from Wiktionary, Creative Commons Attribution/Share-Alike License
- n. One who maintains that all things happen by inevitable necessity, a person who believes in fatalism.
from the GNU version of the Collaborative International Dictionary of English
- n. One who maintains that all things happen by inevitable necessity.
from The Century Dictionary and Cyclopedia
- n. A believer in fatalism; one who maintains the opinion that all things happen by inevitable predetermination.
- n. One whose conduct is controlled by belief in fatalism; one who accepts all the events and conditions of life as proceeding from or leading to an inevitable fate: as, Orientals are naturally fatalists.
from WordNet 3.0 Copyright 2006 by Princeton University. All rights reserved.
- n. anyone who submits to the belief that they are powerless to change their destiny
- adj. of or relating to fatalism
Sorry, no etymologies found.
He calls the fatalist's question: "Can an Arabian steed submit to be a vile drudge?"
Dr. GOOLSBEE: Well, I certainly dont think we should adopt a kind of fatalist view that, you know, we were down in a deep hole, it's going to take us a while to get out so we should just give up.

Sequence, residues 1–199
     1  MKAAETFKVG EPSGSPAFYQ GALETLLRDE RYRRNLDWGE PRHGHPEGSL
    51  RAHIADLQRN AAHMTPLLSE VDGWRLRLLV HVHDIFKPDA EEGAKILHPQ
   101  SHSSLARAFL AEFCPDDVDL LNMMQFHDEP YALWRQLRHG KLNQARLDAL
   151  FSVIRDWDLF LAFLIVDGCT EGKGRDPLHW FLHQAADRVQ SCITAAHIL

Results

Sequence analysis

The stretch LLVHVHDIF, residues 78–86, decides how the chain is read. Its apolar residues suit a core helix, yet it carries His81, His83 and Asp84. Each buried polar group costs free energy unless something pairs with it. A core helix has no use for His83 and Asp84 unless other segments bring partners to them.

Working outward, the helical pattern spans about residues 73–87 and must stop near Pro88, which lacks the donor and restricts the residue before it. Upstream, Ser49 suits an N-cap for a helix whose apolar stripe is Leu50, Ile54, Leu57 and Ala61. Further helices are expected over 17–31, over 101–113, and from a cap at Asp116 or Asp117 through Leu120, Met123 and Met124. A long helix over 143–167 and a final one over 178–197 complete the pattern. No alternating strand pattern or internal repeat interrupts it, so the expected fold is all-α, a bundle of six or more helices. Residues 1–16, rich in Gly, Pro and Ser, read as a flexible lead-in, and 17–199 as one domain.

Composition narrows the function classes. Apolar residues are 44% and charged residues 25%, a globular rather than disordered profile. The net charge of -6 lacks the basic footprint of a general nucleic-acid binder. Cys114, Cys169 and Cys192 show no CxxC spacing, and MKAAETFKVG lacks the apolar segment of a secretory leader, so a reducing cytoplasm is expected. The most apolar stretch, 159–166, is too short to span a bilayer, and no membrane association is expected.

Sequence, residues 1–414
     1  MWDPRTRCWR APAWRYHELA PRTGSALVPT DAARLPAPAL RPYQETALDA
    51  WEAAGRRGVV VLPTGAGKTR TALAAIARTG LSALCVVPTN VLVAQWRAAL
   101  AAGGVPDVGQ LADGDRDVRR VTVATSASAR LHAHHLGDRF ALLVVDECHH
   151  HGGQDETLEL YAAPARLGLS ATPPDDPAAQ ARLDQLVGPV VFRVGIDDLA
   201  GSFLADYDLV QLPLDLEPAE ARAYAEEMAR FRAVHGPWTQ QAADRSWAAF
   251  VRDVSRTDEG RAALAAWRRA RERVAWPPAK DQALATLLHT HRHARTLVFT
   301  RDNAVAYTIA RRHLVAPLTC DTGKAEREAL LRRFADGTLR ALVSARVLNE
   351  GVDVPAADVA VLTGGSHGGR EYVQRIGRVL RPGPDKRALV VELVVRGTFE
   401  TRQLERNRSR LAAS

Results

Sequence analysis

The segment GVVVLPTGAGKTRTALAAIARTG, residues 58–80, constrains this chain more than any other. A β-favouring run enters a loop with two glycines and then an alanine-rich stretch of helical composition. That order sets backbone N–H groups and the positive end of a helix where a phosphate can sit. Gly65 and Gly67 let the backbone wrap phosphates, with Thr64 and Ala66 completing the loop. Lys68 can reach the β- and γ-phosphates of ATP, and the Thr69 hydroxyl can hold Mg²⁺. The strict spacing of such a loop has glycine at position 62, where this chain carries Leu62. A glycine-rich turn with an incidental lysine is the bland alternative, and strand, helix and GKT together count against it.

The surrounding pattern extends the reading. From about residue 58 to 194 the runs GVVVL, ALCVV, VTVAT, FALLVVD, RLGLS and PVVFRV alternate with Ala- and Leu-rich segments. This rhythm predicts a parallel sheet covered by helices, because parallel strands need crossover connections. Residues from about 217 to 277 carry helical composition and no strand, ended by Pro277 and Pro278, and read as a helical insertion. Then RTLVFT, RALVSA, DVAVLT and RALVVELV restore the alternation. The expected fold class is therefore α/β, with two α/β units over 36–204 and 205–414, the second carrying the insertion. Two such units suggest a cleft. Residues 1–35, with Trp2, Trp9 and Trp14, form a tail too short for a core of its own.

I've been a "fatalist" and I'm beginning to see the error in my ways and how this dark overview has robbed my life of much joy and possible adventure.
Another term used to refer to people who see external forces as greatly determining their destiny is "fatalist," and Mexicans have often been labeled as being a great deal more fatalistic than Americans.
She made him sit down; she assured him that her sister quite expected him, would feel as sorry as she could ever feel for anything -- for she was a kind of fatalist, anyhow -- if he didn't stay to dinner.
a "fatalist," if it be fatalism to believe that "what will be will be," -- Jackson's constant motto.
The problem is that if you give an audience a threat, but no information on how to counter it, they either become fatalist or ignore it, and also, it opens the door to the counter-framing of calling people “alarmists”.
I guess that I am somewhat of a fatalist when it comes to what might happen in life.
He is a born gambler, as well as fatalist, and he is not averse to taking a chance; though his own life be the stake, he plays against another's life.
As he dies, the fatalist succumbs amid London's refrain: “Fortune did not whirl, but gay San Francisco dimmed and faded; and as the sun-bright snow turned blacker and blacker, he breathed his last malediction on the Chance he had misplayed.”
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